Upper Missoula Group (Ymu) - Pilcher Formation: Light gray and red cross-bedded, feldspathic, fine grained quartzite. Garnet Range Formation: Dark green, micaceous, fine-grained quartzite with subordinate argillite interbeds. Thickness as much as 1,200 m (3,937 ft). McNamara Formation: Dense green and red siltite and argillite in mudcracked couplets containing diagnostic chert beds and rip-up clasts. Thickness as much as 1,650 m (5,413 ft). Bonner Formation: Pink, cross-bedded, feldspathic, medium- to coarse grained quartzite. Thickness as much as 580 m (1,903 ft). Mount Shields Formation: Upper part: red quartzite, siltite, and argillite in mud-cracked couples and couplets with abundant salt casts. Lower part: light gray, flat-laminated, feldspathic, fine-grained quartzite. Thickness as much as 2,000 m (6,562 ft). Lower Missoula Group (Yml) - Shepard Formation: Tan-weathering, dolomitic, green siltite and argillite in couplets and microlaminae. In the west formerly considered part of the “upperWallace.” Thickness as much as 1,100 m (3,609 ft). Snowslip Formation: Green and red siltite and argillite in couplets. Western Snowslip equivalent is black siltite and argillite in couplets and microlaminae, formerly considered part of the “upper Wallace.” A new name is under consideration for the western Snowslip equivalent. Thickness as much as 1,200 m (3,937 ft).

Rhyolite (Tertiary) at surface, covers 1 % of this area

Rhyolite

Volcanic rock: locally includes Challis Volcanics in southwestern Montana (Tertiary) at surface, covers 1 % of this area

Volcanic rock; In southwestern Montana - Challis Volcanics: Basaltic andesite, andesite, quartz latite, latite, rhyodacite, and rhyolite flows, and tuff, most of which is nonporphyritic and commonly spherulitic; glassy to devitrified. Subordinate water-laid tuff.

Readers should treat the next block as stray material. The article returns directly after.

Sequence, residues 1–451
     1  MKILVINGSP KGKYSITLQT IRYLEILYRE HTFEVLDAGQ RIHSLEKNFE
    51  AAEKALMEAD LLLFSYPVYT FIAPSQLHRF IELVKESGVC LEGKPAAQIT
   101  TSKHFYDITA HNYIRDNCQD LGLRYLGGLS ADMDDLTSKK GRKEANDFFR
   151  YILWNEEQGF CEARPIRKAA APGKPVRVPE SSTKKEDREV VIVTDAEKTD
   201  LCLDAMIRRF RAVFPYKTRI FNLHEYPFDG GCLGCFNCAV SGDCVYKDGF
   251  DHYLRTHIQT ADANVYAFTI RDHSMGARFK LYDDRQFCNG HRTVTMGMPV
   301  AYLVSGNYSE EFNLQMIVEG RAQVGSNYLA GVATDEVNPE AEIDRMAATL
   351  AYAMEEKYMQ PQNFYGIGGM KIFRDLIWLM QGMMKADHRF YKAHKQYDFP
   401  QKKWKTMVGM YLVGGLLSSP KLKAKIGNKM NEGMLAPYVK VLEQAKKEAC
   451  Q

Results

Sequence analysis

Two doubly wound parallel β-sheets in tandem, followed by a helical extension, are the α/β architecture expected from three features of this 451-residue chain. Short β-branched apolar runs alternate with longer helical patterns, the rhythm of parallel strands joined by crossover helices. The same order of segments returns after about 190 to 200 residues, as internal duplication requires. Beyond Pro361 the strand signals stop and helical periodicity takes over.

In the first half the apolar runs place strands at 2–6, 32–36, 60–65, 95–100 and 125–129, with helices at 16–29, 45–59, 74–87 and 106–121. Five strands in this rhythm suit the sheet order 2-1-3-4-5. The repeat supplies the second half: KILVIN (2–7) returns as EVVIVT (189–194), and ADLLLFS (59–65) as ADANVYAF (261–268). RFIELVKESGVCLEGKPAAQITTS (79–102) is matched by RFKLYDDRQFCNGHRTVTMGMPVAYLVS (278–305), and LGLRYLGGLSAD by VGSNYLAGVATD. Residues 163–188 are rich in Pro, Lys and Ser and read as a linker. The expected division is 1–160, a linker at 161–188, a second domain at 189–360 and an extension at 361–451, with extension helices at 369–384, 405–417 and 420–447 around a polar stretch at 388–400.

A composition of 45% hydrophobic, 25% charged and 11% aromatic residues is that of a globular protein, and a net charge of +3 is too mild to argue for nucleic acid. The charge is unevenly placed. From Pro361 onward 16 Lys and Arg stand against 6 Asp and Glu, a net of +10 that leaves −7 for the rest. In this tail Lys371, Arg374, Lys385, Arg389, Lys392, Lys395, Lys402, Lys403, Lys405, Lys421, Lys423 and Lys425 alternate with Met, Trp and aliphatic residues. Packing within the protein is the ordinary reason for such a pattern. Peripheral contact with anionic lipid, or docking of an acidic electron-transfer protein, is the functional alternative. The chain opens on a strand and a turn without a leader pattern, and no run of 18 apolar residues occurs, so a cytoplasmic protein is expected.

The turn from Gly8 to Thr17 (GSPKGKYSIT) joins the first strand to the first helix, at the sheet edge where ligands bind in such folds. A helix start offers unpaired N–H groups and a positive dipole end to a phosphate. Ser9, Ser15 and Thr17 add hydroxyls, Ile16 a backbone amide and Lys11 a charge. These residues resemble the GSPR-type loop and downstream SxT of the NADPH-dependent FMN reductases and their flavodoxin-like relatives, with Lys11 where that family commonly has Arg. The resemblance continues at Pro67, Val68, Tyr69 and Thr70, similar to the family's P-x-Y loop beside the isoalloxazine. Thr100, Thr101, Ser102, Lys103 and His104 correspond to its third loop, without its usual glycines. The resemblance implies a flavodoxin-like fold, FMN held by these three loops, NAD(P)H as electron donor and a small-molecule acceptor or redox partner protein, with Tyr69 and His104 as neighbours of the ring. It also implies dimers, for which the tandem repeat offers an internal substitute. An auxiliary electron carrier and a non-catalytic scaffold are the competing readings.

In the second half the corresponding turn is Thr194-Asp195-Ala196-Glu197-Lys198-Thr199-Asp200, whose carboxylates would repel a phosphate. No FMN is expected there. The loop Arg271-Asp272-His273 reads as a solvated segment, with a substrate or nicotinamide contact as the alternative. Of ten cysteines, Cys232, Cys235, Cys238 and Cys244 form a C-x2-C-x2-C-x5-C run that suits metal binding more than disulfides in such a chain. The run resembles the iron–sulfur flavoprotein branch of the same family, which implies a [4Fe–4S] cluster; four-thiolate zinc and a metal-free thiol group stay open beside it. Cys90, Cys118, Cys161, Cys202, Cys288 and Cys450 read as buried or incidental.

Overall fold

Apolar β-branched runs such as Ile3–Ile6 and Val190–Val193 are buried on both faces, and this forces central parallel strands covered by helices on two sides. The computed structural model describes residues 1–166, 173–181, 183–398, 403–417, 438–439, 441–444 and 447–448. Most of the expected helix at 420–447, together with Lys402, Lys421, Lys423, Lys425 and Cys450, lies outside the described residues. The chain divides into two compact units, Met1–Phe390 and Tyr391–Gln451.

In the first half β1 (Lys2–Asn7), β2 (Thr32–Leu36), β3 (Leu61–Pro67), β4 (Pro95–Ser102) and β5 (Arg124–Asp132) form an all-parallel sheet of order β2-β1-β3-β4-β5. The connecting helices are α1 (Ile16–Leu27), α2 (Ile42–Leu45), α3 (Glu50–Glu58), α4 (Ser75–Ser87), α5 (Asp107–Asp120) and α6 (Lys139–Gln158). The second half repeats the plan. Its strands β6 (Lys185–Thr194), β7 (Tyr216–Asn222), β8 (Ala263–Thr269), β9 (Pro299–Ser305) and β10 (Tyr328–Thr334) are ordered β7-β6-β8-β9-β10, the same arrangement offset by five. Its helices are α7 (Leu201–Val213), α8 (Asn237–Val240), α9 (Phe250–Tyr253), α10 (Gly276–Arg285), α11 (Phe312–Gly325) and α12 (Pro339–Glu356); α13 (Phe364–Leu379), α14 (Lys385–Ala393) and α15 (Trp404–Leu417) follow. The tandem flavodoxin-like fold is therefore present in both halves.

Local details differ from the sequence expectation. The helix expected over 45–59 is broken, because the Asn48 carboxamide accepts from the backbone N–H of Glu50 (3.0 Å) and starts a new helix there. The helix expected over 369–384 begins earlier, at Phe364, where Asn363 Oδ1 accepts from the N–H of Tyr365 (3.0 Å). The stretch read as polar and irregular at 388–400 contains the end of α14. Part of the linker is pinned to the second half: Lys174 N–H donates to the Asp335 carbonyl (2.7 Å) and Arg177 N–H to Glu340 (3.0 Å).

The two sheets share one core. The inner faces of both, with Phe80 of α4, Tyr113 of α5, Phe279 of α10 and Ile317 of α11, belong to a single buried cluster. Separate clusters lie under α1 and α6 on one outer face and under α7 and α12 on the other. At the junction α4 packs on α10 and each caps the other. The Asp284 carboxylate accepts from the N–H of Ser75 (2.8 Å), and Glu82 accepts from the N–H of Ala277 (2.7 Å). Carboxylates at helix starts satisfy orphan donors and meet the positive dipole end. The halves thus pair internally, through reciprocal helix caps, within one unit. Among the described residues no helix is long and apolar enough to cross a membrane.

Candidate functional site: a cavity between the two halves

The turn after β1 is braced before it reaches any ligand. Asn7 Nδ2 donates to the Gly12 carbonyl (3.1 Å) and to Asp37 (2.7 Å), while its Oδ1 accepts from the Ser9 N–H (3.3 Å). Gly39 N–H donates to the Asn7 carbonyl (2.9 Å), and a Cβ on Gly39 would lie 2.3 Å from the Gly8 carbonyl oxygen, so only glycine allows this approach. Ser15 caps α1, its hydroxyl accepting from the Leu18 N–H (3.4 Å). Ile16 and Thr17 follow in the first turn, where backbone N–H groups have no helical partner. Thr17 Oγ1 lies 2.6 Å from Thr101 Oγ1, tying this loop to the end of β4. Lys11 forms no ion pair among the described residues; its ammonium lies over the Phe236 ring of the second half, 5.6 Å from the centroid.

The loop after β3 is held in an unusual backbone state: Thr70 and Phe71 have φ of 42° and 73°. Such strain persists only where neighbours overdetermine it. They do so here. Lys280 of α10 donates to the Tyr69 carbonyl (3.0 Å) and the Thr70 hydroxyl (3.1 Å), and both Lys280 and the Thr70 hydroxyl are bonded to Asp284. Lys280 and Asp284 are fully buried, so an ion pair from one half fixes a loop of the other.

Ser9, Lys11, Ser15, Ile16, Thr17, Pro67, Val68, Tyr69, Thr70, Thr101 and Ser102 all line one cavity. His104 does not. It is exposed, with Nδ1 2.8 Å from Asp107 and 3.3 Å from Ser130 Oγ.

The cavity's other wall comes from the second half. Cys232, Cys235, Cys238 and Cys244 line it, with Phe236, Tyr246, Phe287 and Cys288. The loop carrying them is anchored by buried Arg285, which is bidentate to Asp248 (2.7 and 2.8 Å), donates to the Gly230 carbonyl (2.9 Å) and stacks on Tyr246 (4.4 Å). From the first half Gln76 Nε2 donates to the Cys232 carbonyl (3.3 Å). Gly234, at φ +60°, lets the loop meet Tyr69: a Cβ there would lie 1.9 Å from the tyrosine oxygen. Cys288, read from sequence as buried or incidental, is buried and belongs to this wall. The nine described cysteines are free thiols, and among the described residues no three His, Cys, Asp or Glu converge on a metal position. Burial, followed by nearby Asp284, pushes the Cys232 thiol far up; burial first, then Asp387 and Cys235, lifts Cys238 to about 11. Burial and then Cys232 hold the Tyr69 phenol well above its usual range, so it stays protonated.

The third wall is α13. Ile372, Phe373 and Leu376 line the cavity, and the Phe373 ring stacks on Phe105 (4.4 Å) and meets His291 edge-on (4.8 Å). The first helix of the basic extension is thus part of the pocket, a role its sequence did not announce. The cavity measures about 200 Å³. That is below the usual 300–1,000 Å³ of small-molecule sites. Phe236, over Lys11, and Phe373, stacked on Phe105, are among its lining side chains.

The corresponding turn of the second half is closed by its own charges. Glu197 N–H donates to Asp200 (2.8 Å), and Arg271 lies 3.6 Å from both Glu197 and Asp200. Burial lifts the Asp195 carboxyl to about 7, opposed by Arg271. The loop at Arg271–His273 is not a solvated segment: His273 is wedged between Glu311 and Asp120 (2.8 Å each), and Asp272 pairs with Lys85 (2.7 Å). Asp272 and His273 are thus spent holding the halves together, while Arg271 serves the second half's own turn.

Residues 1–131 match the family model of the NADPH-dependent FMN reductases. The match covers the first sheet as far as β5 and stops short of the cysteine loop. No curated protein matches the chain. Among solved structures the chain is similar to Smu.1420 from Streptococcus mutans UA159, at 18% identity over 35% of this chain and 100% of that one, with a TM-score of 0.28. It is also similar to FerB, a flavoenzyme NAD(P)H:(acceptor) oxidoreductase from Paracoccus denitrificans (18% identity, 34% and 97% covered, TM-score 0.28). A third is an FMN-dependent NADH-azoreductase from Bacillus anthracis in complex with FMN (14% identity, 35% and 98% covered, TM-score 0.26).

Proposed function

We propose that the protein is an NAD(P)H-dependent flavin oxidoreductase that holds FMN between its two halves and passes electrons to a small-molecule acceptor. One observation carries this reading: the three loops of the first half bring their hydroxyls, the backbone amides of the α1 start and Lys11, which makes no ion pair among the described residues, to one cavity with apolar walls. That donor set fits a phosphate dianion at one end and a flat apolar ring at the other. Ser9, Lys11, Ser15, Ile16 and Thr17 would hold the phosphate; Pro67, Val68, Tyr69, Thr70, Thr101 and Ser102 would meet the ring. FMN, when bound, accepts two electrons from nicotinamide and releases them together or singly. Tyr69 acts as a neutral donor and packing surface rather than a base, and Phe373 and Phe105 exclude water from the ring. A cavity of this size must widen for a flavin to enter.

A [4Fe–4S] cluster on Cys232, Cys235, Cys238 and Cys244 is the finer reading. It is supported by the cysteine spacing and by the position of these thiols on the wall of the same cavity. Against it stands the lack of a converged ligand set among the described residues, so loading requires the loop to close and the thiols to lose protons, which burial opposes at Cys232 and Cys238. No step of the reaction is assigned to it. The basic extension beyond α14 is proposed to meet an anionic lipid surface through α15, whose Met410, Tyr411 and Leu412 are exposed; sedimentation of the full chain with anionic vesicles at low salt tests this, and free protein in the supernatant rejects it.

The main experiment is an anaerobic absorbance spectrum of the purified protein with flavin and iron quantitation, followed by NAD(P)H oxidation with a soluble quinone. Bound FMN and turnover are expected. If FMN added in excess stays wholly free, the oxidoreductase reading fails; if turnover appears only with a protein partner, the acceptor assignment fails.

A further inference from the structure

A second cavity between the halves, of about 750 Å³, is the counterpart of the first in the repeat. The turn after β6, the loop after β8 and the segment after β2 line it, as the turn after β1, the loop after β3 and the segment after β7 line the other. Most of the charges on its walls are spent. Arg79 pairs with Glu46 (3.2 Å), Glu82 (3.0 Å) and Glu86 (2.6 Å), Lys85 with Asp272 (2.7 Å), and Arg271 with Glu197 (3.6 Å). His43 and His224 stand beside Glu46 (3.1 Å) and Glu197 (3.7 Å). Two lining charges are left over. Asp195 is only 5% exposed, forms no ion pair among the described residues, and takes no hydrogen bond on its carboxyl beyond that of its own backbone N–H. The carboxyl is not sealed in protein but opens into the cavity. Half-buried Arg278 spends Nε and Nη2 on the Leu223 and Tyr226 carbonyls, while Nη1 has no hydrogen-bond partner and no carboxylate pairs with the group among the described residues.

Gravel (Quaternary and Tertiary) at surface, covers 1 % of this area

Variable deposits that range from pebble to boulder size and include sand, silt, and clay. Dominantly alluvial terrace, abandoned channel and floodplain, remnant alluvial fan, and local glacial outwash.

Middle Tertiary sediment or sedimentary rock (Tertiary) at surface, covers 0.7 % of this area

Tuffaceous siltstone, sandstone, bentonitic mudstone, conglomerate, limestone, and equivalent sediment and ash beds. Local volcanic flows in southwestern Montana. Includes Renova Formation. Dominantly fluvial, floodplain, palustrine, lacustrine, debris flow, and eolian. Composite thickness for Tsu and Tsm exceeds 4,880 m (16,010 ft). Includes Anaconda Formation: Light gray, reddish tan, or brownish red, coarse breccia that laterally grades to conglomerate, sandstone, and siltstone. Locally intertongues with Lowland Creek Volcanics. Derived from overlying unmetamorphosed plate of metamorphic core complex. Thickness as much as much as 200 m (656 ft).

Granitic rock (Tertiary) at surface, covers 0.4 % of this area

Granitic rock

Ravalli Group: St. Regis, Revett, and Burke Formations; or Empire and Grinnell Formations; or Empire and Spokane Formations (Middle Proterozoic) at surface, covers 0.2 % of this area

St. Regis Formation: Green and purplish gray quartzite, siltite, and argillite in mud-cracked couples and couplets. Thickness as much as 900 m (2,953 ft). Revett Formation: Light gray, cross-bedded, felspathic, fine-grained quartzite. Thickness as much as 900 m (2,953 ft). Burke Formation: Gray or purple quartzite, siltite, and argillite in mud-cracked couples and couplets. Thickness as much as 1,000 m (3,281 ft). Empire Formation (Ye): Grayish green and pale olive gray argillite and siltite with subordinate thin beds of quartzite and sandy limestone. Thickness as much as 610 m. Grinnell Formation: White, cross-bedded sandstone or quartzite with red to purple siltite and argillite beds. Thickness as much as 1,160 m (3,806 ft). Spokane Formation (Ysp): Red siltite and argillite in mudcracked couplets. Thickness as much as 1,500 m (492 ft).

Carter Creek through Coberly Formation: Carter Creek, Jens, and Coberly Formations (Cretaceous) at surface, covers < 0.1 % of this area

Carter Creek Formation: Varicolored sandstone, siltstone, and silty mudstone, with subordinate dark shale and lenses of coarse-grained conglomeratic dacitic tuff. Nearshore marine, brackish, and terrestrial. Thickness as much as 2,000 m (6,562 ft). Jens Formation: Dark gray shale, siltstone, siliceous mudstone, volcaniclastic siltstone, and minor fine-grained calcareous sandstone. Marine. Thickness as much as 505 m (1,657 ft). Coberly Formation: Gray limestone and tan, massive sandstone. Intertidal and shallow marine. Thickness as much as 215 m (705 ft).

Belt Supergroup (Middle Proterozoic) at surface, covers < 0.1 % of this area

Extremely large lumping of over 25+ formations. See individual unit descriptions. Belt Supergroup consists of: Missoula Group (Ym, Ymu, Yml), Piegan Group (Ypg, Yh), Ravalli Group (Yr, Ye, Ysp), and all the Lower Belt Formations (Ypu, Ypl, Yaw, Yla, Yg, Yn, Ynla, Ych, Yne).